‘Me? Oh no, I’m definitely not a feminist.’
Feminism = ‘The advocacy of women’s rights on the ground of the equality of the sexes.’
‘So you do not, therefore, believe that men and women should have equal rights?’
‘Oh I didn’t say that! I just don’t feel comfortable describing myself as a feminist.’
If I had a pound for every time I have had this conversation with someone, I wouldn’t need to be working full-time right now.
And it does frustrate me, because feminism, at its core, advocates for the complete and total equality of the sexes. Originally established to gain women basic political rights, such as the vote – it has now evolved, and aims for full social, economic, and political equality of the sexes.
I can completely understand where the stigma attached to the word has come from. People hear the word and cringe as they think of man-hating, bra-burning, ‘crazy’ women. Please, it’s 2017. Bras are too damn expensive to burn these days.
And what’s more, this is just quite simply not the case.
But first let’s pause, and consider the history of feminism, and its three waves – as this will help to expand my argument.
(I intend to refer mainly to Britain, not because I consider the feminist movement to be of more importance in the UK, just quite simply because it’s the country about which I am the most educated)
WAVE ONE – We’re talking Suffragettes and Suffragists here. The earliest form of women’s liberation, and the wave which (to date) has achieved the most concrete political success of all time – gaining women the right to vote. Although the involvement of British women in WW1 seemed to ‘prove’ their worth, ultimately – the issue of disenfranchisement wouldn’t have even been on the table without these women.
WAVE TWO – Once the right to vote had been achieved (1928, for all women and men over 21), feminists shifted their attention to social and economic concerns. Childcare, abortion rights, access to contraception, discrimination in the workplace, the list goes on. This second wave of feminism grew from within the New Left student movements of the 1960s and 1970s. A lot of young female activists felt issues such as access to contraception, for example, weren’t being addressed by the (primarily male-led) student movements. Thus, they quite simply formed their own groups.
Now – key point here. This is where the ‘bra-burning’, ‘crazy’ image of feminism, I believe, originates. Yes, there were women that chose to destroy their bras, and other items they believed to be symbols of male oppression (high heels, lipstick etc.). But this more radical edge was only one aspect of a huge European-wide movement in the 1960s and 1970s. Like many new social movements, feminism had its radical fringe, and sadly – this image has become difficult to shift.
This is interesting, especially when considering other protest movements of that era. The Civil Rights movement in America for example, also encompassed more radical groups. Those who supported Black Power, and advocated the use of violence, and ‘separatism rather than segregation’, were undoubtedly more extreme in their outlook on the race situation in the USA. Yet the Civil Rights movement is not remembered purely for this aspect.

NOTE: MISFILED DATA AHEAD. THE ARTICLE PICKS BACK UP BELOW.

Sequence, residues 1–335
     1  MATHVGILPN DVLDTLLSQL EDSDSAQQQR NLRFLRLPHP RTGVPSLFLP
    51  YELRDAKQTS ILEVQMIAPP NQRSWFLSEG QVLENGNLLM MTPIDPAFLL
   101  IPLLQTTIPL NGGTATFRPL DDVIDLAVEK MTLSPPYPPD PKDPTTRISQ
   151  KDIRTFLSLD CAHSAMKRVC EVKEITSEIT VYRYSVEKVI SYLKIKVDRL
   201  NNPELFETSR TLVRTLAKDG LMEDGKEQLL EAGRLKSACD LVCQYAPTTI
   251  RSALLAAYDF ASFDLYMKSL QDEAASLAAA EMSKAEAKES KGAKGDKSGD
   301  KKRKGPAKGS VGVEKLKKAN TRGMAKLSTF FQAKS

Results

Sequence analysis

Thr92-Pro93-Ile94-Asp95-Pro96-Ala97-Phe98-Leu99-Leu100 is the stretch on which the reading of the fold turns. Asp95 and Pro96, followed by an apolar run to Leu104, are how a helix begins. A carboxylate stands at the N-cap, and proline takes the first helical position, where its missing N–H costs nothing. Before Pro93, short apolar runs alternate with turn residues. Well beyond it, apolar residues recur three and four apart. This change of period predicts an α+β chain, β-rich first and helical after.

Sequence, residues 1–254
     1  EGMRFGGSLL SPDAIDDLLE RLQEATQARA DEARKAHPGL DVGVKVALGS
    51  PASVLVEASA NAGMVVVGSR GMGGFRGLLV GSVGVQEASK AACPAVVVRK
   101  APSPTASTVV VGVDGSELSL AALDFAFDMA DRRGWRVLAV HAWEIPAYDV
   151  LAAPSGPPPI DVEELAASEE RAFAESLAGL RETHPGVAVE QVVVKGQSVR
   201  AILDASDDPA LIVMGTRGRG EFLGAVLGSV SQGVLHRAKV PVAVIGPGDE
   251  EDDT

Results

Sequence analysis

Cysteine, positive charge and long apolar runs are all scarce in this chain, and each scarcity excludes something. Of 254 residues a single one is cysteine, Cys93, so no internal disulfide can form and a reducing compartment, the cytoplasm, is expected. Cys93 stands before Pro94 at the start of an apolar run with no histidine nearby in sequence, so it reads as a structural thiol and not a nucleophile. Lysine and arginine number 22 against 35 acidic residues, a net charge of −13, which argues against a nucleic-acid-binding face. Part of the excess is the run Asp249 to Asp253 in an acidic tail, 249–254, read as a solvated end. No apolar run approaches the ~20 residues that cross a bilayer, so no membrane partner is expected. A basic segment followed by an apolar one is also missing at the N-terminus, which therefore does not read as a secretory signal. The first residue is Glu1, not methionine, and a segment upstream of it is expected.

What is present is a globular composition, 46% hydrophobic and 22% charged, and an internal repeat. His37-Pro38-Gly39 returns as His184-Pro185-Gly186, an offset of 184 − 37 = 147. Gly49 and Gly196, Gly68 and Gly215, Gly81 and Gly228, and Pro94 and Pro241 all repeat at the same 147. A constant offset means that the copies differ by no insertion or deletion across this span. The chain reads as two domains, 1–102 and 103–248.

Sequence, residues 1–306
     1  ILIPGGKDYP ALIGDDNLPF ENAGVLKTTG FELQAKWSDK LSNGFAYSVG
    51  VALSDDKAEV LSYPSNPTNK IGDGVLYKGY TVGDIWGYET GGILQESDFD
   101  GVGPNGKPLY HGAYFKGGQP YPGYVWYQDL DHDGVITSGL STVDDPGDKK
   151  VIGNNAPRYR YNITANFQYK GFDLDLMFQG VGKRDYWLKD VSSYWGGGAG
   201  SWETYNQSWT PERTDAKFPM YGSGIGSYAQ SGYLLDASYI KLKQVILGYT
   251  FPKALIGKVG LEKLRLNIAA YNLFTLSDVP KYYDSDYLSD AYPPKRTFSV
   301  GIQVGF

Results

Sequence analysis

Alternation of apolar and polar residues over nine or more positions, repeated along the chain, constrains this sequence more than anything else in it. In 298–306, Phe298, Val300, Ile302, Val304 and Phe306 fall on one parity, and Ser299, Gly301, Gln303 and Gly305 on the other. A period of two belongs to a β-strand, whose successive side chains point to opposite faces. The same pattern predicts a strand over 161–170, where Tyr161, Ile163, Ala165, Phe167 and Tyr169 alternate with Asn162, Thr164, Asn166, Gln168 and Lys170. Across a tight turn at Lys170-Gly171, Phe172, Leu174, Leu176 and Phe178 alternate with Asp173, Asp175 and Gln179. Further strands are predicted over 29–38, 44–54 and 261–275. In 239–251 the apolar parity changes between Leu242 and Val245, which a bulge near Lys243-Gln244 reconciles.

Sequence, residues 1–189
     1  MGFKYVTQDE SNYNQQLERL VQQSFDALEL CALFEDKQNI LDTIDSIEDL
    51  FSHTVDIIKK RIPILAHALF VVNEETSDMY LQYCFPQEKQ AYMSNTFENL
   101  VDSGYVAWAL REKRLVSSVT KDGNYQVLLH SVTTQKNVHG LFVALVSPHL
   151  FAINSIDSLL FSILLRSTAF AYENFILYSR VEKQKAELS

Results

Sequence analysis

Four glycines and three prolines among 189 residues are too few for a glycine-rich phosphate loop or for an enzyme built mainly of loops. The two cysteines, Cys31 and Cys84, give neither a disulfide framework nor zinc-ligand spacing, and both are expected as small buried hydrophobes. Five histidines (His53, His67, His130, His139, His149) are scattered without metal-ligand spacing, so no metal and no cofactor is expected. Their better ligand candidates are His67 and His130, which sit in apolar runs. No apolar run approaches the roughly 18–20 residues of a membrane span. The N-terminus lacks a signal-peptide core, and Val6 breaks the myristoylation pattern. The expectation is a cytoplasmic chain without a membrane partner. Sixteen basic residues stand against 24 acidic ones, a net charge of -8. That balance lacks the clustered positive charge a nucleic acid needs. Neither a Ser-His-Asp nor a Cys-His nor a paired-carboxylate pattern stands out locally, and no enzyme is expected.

WAVE THREE (i.e. today) – Women have now achieved their basic political and economic rights, but it is now about changing social norms and tackling historic sexism. I can run for parliament, I can control my own finances, I can learn about women’s history, and I can choose how I want to live my life – either as a single or married woman. But, there is still work to be done. Women still suffer economic inequality (the gender pay gap is around 9.4%/hour for those in full-time employment), sexism is still pervasive in employment (women being asked if they have plans to have a family in interviews) and women are still in the minority within Westminster (only 32% of MPs are female). BUT the situation is far better than it was. This third wave also incorporates the HeForShe movement, whose aims I want to talk about in more depth…
Tackling social equality and societal expectations of men and women – is feminism’s next major challenge. This is a particular focus of the HeForShe movement. It advocates for the release of men from the ever-present, and suffocating, societal expectations of masculinity, and what it means to be a man. There is a reason that the suicide rate is the highest amongst men below the age of 45. Losing the role of the breadwinner, and not feeling able to talk about their emotions (particularly amongst other men), are some of the most common causes of depression amongst middle-aged men. There’s a reason that fantastic charities like Andy’s Man Club, and the Stephen Gartland Foundation, are flourishing – because there is such a need to combat this toxic expectation of manhood. I’ve seen first-hand how damaging this can be, and it deeply saddens me that the reaction to say, my brother or father crying in public, to myself shedding a tear or two – would be very different.
This is what modern feminism is trying to combat. This is what third wave feminism is. It is about achieving complete social, economic, and political equality amongst men and women. I am so proud to call myself a feminist, and always will be. I’m proud of the history of the movement, and I’m excited for the future and what it holds for both men and women. I hope that we will reach a stage whereby young men and women do not feel any social, economic, or political constraints placed upon them by their gender. It’s possible, and it’s happening. Right now. Get excited.